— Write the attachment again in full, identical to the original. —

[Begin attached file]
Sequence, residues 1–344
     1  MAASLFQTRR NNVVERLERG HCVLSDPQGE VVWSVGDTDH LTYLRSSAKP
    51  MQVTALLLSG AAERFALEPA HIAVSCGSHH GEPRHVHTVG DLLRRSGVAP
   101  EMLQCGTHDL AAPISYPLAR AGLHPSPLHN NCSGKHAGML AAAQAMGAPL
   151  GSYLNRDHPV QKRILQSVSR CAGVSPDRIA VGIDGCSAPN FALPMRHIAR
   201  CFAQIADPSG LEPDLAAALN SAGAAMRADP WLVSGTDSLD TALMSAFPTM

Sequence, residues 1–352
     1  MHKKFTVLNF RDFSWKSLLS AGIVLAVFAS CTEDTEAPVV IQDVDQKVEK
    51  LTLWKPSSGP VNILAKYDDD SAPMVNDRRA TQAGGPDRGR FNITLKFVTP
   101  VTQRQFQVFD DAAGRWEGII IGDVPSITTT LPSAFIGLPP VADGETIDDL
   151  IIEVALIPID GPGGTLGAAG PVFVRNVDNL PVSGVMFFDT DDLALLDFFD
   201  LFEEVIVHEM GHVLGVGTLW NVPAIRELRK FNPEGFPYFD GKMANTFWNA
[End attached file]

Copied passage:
Sequence, residues 1–344
     1  MAASLFQTRR NNVVERLERG HCVLSDPQGE VVWSVGDTDH LTYLRSSAKP
    51  MQVTALLLSG AAERFALEPA HIAVSCGSHH GEPRHVHTVG DLLRRSGVAP
   101  EMLQCGTHDL AAPISYPLAR AGLHPSPLHN NCSGKHAGML AAAQAMGAPL
   151  GSYLNRDHPV QKRILQSVSR CAGVSPDRIA VGIDGCSAPN FALPMRHIAR
   201  CFAQIADPSG LEPDLAAALN SAGAAMRADP WLVSGTDSLD TALMSAFPTM

Sequence, residues 1–352
     1  MHKKFTVLNF RDFSWKSLLS AGIVLAVFAS CTEDTEAPVV IQDVDQKVEK
    51  LTLWKPSSGP VNILAKYDDD SAPMVNDRRA TQAGGPDRGR FNITLKFVTP
   101  VTQRQFQVFD DAAGRWEGII IGDVPSITTT LPSAFIGLPP VADGETIDDL
   151  IIEVALIPID GPGGTLGAAG PVFVRNVDNL PVSGVMFFDT DDLALLDFFD
   201  LFEEVIVHEM GHVLGVGTLW NVPAIRELRK FNPEGFPYFD GKMANTFWNA